First Nations assert land rights in wake of historic case

First Nations are calling the governments of Yukon and Canada back to the negotiating table after a landmark Supreme Court decision establishing aboriginal title in parts of B.C.

First Nations are calling the governments of Yukon and Canada back to the negotiating table after a landmark Supreme Court decision establishing aboriginal title in parts of B.C.

Dave Porter, chief negotiator for the Kaska Dena Council, called the Tsilhqot’in decision “one of the most significant legal decisions rendered on aboriginal jurisprudence in this country’s history.”

In the decision the Supreme Court of Canada declared that the Tsilhqot’in First Nation has aboriginal title to its traditional territory. That has reinforced the responsibility of governments to consult and accommodate on decisions related to that land.

“Their aboriginal rights to their traditional territories have been confirmed,” wrote Ken Coates, senior fellow with the Macdonald-Laurier Institute, in a recent Troy Media column.

“The basis for negotiations in British Columbia and elsewhere has shifted. First Nations have more legal authority than in the past and, like anyone else in a similar situation, they will use it to their benefit.”

That’s what the Kaska Dena Council hope to do, too.

The council represents three B.C.-based First Nations. Kaska traditional territory covers large swaths of southeast Yukon and northern B.C. as well as parts of the Northwest Territories.

“If the Kaska continue to litigate, at the end of that process, there may very well be a declaration that the southeast Yukon is Kaska aboriginal title land,” said Porter.

But the council would prefer to get what it wants outside of the courts, he said.

“We’re not keen on decades more of litigation. We see this as an opportunity for the parties to make best efforts to establish a negotiating table to resolve these issues. And I think that’s the way to go.”

Un-treatied First Nations with territory in the Yukon have a unique legal argument that compels the Government of Canada to return to the negotiating table, said Porter.

A 1870 order compels the federal government to establish treaties before taking up the land for the purpose of settlement.

Much of Canada is already covered by historical and modern treaties.

B.C., where much of the land is still not covered by treaty, had not yet joined Confederation in 1870.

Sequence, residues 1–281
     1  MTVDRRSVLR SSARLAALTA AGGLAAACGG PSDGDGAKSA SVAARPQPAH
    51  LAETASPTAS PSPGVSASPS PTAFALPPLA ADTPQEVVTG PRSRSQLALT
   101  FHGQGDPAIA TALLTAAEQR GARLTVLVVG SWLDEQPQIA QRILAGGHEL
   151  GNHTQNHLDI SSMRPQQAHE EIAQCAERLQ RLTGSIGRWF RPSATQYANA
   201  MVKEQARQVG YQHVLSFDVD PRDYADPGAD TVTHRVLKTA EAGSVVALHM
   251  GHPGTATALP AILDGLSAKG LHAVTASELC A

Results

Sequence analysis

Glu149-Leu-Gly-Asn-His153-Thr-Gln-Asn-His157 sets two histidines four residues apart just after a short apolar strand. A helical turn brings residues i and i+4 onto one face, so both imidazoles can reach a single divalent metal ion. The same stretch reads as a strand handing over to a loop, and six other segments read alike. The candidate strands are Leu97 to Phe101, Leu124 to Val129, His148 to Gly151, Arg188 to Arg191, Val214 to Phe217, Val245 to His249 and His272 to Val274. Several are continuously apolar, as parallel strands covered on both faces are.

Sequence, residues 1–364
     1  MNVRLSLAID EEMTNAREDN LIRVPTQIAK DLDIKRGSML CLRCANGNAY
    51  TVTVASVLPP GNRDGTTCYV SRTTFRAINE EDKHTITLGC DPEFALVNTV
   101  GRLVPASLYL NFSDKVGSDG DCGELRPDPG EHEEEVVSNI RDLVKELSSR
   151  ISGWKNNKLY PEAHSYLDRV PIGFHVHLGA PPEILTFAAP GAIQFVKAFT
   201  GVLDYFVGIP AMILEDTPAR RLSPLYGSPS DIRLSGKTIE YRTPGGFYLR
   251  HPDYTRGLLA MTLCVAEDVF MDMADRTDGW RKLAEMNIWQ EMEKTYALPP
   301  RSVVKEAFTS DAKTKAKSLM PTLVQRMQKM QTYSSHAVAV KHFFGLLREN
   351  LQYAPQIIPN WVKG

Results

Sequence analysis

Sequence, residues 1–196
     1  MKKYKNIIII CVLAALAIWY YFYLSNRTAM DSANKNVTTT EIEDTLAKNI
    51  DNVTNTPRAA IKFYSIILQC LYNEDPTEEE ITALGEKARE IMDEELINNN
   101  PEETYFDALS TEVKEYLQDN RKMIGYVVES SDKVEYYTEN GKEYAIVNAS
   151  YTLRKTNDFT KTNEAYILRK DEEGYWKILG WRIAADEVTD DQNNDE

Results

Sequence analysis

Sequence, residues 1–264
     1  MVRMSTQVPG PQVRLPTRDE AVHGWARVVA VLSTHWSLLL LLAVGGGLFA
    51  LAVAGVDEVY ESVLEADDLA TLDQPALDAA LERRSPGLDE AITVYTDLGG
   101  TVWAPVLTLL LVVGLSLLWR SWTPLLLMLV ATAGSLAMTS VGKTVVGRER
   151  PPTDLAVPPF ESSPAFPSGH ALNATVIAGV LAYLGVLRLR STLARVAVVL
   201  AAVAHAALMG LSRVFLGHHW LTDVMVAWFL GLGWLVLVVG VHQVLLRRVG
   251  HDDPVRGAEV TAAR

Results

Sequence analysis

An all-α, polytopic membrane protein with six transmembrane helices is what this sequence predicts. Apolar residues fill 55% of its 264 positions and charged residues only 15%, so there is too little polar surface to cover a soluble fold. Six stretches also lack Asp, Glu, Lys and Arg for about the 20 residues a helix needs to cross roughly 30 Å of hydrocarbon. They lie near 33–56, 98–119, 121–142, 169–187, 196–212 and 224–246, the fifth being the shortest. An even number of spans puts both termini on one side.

The Canadian government is therefore uniquely compelled to deal with the outstanding claims of the Kaska Dena Council and other groups with territory in the Yukon, said Porter.

The White River First Nation is one of those other groups that is in a parallel situation.

It has also called on the Yukon to come back to the negotiating table in the wake of the Tsilhqot’in decision.

“We look at it as a huge victory for all First Nation people, but in our current situation we see it as critical,” said Janet Vander Meer, the First Nation’s chief negotiator. “It’s a critical time for particularly the Yukon government to recognize and respect where we’re at.”

White River is one of three Yukon-based First Nations that has not signed a final agreement with governments of Canada and Yukon.

Now more than ever it’s clear that was the right decision, she said.

“The offerings from the government to sign on were so pathetic that I’m pleased that our nation at that time chose not to sign.”

With the Supreme Court decision the First Nation is in an even better position to negotiate for rights to its traditional territory, said Vander Meer.

While the First Nation is not interested in a treaty in the style of the Umbrella Final Agreement that others have signed on to, there are other agreements that would bring certainty to governments and industry, she said.

The issue that White River and other unsigned First Nations have with the UFA is that it requires First Nations to give up claims to aboriginal title across the vast majority of traditional territories in exchange for rights to a smaller parcel.

In B.C. there are examples of framework documents that set out consultation responsibilities and structures for decision-making on land issues without relinquishing claims to aboriginal title, said Vander Meer.

“What we’re saying, and what we’ve said for three solid years, is let’s have a good solid base document. It will not be a UFA treaty. But it will encompass all of the consultation requirements that they have to go through, our expectations as a First Nation, so that we can go through this stuff. We don’t want to stall everything. We want to work more on a equal footing with YG, and I think for many years now that YG has been fumbling the ball on this.”

The White River First Nation recently signed an agreement with Gorilla Minerals Corp. for Class 1 exploration at its Wels gold and nickel property in western Yukon.